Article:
Also strongly recommended is the quasi-companion documentary, Copyright Criminals, that has just been re-released with lots of extras. The entire documentary is available to watch on Hulu (for those in the U.S.). And there is a companion DJ sample mix!

As a long aside, I also think it is interesting that in categorizing this book, the Library of Congress placed this book within the subject of “plagiarism in music” — this misses the point of showing the creativity of much of sampling — and confuses the issue of copyright with the academic/societal issue of plagiarism. (And there is a more relevant subject heading: “quotation in music“).

The book was released with a Creative Commons Attribution Non-Commercial-ShareAlike license.

Disclosure statement: TLF is a career acquaintance of both authors, but has not discussed this review with either before posting.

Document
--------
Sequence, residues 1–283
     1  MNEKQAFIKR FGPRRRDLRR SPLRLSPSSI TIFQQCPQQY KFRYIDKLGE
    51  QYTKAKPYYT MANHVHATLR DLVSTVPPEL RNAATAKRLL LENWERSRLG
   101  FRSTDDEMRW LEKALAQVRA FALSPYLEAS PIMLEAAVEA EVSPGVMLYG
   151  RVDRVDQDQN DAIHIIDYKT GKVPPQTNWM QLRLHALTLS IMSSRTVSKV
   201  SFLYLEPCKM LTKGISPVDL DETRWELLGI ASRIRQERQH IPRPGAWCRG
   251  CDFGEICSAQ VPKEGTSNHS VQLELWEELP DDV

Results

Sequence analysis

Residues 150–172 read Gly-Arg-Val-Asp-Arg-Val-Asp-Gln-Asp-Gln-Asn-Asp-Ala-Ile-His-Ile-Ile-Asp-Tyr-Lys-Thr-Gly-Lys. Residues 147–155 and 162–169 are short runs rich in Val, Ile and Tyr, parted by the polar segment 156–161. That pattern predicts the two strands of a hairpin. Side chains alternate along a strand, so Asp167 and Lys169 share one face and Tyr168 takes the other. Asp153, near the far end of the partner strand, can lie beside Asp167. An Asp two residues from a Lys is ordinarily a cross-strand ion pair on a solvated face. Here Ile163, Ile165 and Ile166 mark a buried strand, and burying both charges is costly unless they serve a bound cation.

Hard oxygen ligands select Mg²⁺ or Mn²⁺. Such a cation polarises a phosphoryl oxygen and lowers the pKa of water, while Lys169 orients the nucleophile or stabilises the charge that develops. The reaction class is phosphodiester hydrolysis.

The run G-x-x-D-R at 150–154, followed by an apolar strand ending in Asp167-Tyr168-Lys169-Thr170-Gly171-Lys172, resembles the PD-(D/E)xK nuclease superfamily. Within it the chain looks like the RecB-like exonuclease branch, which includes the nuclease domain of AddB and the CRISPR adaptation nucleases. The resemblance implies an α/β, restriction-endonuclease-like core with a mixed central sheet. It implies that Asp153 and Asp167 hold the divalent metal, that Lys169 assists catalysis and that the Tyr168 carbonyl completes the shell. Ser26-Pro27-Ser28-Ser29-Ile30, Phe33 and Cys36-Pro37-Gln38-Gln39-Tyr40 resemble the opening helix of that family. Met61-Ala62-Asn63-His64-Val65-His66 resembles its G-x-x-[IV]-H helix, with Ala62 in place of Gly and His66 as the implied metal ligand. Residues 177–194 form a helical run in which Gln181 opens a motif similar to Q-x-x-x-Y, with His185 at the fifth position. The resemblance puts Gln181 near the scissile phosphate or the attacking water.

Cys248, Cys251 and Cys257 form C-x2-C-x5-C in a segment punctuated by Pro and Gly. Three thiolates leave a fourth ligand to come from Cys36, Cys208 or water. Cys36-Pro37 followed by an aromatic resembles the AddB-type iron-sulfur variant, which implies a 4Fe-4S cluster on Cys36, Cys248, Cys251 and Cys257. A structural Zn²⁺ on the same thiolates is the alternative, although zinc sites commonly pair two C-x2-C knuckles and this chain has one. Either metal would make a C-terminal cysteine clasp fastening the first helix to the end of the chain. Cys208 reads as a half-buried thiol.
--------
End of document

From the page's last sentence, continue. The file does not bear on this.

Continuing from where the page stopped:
Be the Brand: Required Involvement in Social Media – Part 1

Based on our presentation at MIT: Media in Transition 7

There’s been much written about the professional risk of social media use for individuals and for businesses; in media reports as well as a recent National Labor Relations Board decision regarding employees use of Facebook to complain about a supervisor

But what happens when employees are encouraged (or required by the terms of employment) to publicly represent a company or brand through personal use of social media?

Several years ago, many companies were skittish about employee use of blogs and other social networking tools. More recently, however, some brands are increasingly creating “official” company social media profiles as well as establishing social media policies to encourage employees to unofficially represent a company via social media during the work day and off-hours, with the understanding that transparency and personal contact are widely seen as important to success in social media communication and marketing. This article discusses issues involving intellectual property, privacy, and the bounds of employment within personal and professional social media use.

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Bin Laden, Twitter and the News: Now What?